Acceptance and more

Well, here’s a quickie update on my alter-ego the writer, such as she is:

I got a novella accepted! Lilley Press has accepted my Christmas novella “The Boys Upstairs” for release this November. I nearly didn’t even submit it to them because I figured it didn’t have a chance, but then before the deadline came I figured I’d let them reject it rather than rejecting it myself. 

Jay Farrell, a crippled priest in an impoverished church, houses homeless children in the unused rectory. As the children take their place at the church community’s heart, a struggling waitress and Jay’s estranged brother begin to come to terms with the innocent suffering they see in the world around them, learning how hope can transform the heart when a person is able to see the potential inside those deemed beyond saving.

It will be released as an ebook. I have no other details at the moment, but you can be sure I’ll update later.

Second update: I’m slowing down on the writing of ♥My Book♥ due to lack of time. The enthusiasm is there, but I’m coping with family commitments right now that are eating the time I’d spend writing. That and lack of sleep due to a teething baby. It stinks, but I knew this would happen. If I can keep doing 1,000 words a day, I’ll be thrilled; over the last weekend, I think I did 500 words a day. Very sad. Even now, I’m in the middle of a scene I was dying to write Saturday morning, but I just don’t have the oomph to keep going right now.

Thirdly: I mentioned last week how Josh, my sweet-hearted mischievous-eyed cellist also stutters. Two things happened as a result of that. First, someone told me it would be hard to read the book because she’d feel sorry for Josh.

Well, I don’t feel sorry for Josh. Moreover, Josh doesn’t feel sorry for Josh. He’s got a problem, and he deals with it. But that leads into the second thing.

That blog post got picked up by a microblog which is associated with the podcast, and since then I’ve been listening to it daily (and I  keep being impressed.) On the podcast, Greg mentions the prejudices surrounding stuttering, how something like 80% of Americans have negative stereotypes about it.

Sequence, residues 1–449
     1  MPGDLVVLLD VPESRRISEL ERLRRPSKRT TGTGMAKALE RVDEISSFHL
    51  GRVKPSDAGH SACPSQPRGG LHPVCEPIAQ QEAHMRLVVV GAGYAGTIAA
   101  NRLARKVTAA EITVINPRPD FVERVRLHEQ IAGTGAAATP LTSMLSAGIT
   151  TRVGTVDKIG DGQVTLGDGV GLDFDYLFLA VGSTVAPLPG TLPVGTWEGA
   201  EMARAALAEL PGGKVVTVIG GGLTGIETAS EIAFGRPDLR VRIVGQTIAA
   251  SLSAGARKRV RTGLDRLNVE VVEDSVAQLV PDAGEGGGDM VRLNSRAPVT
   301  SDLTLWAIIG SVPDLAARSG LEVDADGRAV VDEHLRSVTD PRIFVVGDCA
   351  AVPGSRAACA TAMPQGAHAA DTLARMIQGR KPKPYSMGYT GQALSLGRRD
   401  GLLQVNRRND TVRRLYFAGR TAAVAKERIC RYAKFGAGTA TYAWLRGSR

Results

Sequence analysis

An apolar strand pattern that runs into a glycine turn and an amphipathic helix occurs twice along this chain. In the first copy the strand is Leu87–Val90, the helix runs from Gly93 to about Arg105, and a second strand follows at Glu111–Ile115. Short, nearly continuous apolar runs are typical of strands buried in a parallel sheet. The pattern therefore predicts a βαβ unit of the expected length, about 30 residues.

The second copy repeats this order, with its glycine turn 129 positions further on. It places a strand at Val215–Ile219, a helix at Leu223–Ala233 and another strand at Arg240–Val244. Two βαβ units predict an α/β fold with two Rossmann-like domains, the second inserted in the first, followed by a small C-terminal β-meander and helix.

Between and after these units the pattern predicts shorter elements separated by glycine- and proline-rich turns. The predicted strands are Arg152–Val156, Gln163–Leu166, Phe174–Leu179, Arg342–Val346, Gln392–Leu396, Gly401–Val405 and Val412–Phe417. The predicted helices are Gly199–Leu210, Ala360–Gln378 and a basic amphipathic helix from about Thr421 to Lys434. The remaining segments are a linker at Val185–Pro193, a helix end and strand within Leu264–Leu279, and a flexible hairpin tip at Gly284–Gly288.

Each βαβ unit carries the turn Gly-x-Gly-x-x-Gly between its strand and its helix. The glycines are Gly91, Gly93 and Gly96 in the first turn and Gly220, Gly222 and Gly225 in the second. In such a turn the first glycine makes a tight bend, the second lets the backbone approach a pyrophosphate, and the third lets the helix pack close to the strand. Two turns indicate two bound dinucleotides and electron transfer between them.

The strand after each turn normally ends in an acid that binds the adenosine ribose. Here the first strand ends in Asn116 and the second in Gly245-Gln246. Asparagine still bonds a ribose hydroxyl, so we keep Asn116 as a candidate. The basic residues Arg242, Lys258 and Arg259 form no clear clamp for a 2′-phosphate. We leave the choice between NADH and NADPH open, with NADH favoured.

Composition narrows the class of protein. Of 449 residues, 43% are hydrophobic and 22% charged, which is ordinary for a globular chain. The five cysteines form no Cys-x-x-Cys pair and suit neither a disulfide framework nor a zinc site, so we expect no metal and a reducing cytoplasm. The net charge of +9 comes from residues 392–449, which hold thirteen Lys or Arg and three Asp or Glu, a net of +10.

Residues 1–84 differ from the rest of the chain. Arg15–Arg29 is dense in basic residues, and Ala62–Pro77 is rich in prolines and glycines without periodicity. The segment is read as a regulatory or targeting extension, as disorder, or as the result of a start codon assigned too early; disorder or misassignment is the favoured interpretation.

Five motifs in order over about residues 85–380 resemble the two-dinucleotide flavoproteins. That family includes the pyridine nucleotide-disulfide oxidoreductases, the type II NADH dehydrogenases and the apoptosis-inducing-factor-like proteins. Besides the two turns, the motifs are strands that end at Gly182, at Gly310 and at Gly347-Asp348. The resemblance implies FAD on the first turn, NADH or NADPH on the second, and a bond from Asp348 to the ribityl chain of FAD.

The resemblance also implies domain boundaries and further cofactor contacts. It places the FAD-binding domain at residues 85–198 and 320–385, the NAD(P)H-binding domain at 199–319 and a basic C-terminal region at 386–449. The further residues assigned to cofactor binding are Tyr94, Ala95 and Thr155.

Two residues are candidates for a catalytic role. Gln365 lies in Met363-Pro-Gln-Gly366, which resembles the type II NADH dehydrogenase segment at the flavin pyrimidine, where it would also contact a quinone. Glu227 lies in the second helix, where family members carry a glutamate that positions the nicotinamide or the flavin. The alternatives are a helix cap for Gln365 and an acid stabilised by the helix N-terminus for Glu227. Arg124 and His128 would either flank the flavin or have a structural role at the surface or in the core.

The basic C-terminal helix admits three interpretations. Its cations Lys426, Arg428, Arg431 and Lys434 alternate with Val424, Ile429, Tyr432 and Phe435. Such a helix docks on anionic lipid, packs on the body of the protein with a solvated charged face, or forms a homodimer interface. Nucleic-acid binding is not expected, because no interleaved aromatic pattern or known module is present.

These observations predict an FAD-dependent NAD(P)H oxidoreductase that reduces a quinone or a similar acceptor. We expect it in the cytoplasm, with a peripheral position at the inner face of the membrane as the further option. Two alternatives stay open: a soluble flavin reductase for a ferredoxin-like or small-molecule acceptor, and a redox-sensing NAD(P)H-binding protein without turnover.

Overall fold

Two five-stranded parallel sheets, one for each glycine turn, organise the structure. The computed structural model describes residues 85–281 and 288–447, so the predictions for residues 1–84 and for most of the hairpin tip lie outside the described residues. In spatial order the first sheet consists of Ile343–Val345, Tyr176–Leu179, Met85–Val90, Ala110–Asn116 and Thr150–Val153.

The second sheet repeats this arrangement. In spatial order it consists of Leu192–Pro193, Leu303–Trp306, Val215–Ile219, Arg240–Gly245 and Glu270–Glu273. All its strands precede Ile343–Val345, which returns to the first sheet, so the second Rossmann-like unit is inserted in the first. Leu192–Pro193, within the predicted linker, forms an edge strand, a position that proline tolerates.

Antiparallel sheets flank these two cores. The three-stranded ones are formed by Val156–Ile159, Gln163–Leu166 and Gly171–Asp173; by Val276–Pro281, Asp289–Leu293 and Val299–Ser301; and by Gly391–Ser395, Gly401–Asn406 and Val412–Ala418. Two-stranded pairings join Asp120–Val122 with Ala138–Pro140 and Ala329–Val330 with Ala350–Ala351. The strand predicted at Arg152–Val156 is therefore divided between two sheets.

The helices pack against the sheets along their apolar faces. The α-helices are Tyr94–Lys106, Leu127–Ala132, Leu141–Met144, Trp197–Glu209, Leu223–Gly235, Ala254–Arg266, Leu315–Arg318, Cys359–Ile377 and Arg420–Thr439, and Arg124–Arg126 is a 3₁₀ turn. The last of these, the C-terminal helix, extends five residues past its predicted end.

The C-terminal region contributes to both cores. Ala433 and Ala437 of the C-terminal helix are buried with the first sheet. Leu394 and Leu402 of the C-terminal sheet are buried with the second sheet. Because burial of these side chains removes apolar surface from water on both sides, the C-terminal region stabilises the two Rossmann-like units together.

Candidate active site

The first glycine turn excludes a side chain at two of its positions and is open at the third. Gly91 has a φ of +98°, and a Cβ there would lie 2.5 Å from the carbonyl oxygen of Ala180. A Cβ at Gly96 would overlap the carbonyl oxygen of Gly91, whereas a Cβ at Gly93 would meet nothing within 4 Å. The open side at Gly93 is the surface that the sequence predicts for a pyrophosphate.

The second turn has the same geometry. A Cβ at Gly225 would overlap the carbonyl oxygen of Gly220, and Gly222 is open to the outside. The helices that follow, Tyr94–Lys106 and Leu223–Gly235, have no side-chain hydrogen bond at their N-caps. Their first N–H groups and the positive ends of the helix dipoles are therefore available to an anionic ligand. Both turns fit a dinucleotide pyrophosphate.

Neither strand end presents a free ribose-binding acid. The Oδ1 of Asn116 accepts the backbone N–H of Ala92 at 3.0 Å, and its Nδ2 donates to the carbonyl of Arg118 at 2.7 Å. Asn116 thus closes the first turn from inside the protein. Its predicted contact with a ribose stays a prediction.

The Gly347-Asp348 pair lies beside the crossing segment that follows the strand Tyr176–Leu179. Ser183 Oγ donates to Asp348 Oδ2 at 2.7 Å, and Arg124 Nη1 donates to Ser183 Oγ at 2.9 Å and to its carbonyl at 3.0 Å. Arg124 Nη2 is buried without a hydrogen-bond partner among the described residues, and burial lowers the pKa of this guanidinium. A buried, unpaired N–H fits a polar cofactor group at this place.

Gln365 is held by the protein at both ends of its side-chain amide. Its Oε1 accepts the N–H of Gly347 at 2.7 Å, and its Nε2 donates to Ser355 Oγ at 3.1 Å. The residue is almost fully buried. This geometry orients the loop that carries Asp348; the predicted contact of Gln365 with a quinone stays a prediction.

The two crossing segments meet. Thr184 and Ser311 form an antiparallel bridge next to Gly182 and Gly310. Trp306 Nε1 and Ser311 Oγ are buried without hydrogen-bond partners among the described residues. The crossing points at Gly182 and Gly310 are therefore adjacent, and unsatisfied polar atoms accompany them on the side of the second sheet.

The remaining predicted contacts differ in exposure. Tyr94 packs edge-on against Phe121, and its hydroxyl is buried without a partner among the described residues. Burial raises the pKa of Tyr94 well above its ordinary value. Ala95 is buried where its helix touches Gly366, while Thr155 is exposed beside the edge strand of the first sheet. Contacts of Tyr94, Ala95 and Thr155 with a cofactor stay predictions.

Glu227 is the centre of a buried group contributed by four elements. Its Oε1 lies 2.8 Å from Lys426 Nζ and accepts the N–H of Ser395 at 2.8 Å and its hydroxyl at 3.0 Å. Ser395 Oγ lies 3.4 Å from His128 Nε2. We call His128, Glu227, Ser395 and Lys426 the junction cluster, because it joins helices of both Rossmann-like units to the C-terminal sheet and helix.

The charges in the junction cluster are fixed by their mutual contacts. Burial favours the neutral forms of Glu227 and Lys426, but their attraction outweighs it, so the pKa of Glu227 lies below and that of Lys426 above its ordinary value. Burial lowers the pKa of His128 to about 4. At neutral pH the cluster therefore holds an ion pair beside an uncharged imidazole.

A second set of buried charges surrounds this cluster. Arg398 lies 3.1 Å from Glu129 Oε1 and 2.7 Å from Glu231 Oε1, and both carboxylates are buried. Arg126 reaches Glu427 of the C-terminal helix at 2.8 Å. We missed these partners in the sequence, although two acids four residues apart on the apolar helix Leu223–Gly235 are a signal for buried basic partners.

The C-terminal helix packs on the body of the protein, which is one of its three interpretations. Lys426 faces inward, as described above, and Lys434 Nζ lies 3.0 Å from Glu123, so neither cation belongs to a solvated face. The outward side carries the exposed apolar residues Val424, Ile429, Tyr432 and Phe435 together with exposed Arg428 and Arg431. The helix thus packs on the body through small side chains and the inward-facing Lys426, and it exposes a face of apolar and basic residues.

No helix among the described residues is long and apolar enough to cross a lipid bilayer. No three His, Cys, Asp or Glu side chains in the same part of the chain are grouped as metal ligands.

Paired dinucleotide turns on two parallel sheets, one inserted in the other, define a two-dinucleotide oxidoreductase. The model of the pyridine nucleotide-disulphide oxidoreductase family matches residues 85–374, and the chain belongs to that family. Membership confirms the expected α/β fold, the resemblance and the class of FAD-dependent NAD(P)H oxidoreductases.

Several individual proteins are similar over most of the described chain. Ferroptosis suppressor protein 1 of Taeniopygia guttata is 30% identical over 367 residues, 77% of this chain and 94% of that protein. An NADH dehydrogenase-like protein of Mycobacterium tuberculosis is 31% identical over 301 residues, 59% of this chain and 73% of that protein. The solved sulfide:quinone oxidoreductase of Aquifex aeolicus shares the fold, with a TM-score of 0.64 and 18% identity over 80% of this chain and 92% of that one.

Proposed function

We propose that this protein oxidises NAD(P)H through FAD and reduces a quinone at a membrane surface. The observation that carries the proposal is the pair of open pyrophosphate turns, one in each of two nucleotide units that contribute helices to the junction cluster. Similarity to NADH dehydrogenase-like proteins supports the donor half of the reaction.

More than that, I read on a support forum that technically speaking, stuttering counts as a disability. To my mind, it was a characteristic I had a boss once who stuttered, and it certainly never disabled him. Frankly, I’d never have had the courage to start writing a character with a “disability.” 

But thinking of it as a characteristic made it graspable. I’ve written about characters who’ve had all sorts of problems, and stuttering seemed no more or less disabling than the others. 

The prejudices discussed on the podcast, however — that made me realize that I had darn well better write Josh perfectly, because the best thing in the world would be to take that prejudice and smash it to pieces. 

I’m not a militant writer. I’m not out to change the world. On the other hand, if some understanding is gained, I’m all for it. 

In the meantime, I’m listening to an audio course on chamber music to research the music part of the book.

So much to learn — hearts and voices and music. I feel like there’s a whole world being created, and as I learn along with it, parts of me are being created too. 

I love writing. I just hope you love the reading.


  1. Cricket

    Congrats! If it’s the story I think it is, I agree — it’s worth publishing!

  2. philangelus

    It’s got the same title but unless you read the first copy, it’s not obvious what it used to be.

  3. Ivy

    This should be very interesting.

  4. Cricket

    Looking forward to seeing the transformation. OneBitCPU hates series fiction, but I convinced him to start the series, and he didn’t put it down once. Definitely re-readable.

  5. Wendy

    Congratulations! With a couple of tweaks, the story makes the big time! 😉

  6. philangelus

    Hey, guys, no F-words in the comments. I’ll edit them out. You know what I mean.

  7. Scott

    Congrats and good luck with it.

  8. ivyreisner

    Frankfurter? February? Feng-huang? 😉

  9. philangelus

    Ivy! I’m shocked!

  10. Illya

    Congratulations! Can’t wait to read it. Wishing you much success.

  11. cathrl

    I know what you mean. Congratulations!

  12. Wendy

    Woops, sorry. 🙁

  13. philangelus

    No harm done. All is right in the world.

  14. stutteringme

    Hey! Thanks for the listen.

    Stuttering is really only a disability if the person that stutters believes as such. But with that said, it can also be a disability if you don’t get a job, get fired from a job, or do not get (properly) promoted because an employer holds an unfounded negative (stuttering-related) prejudice. (Which–happens all the time.)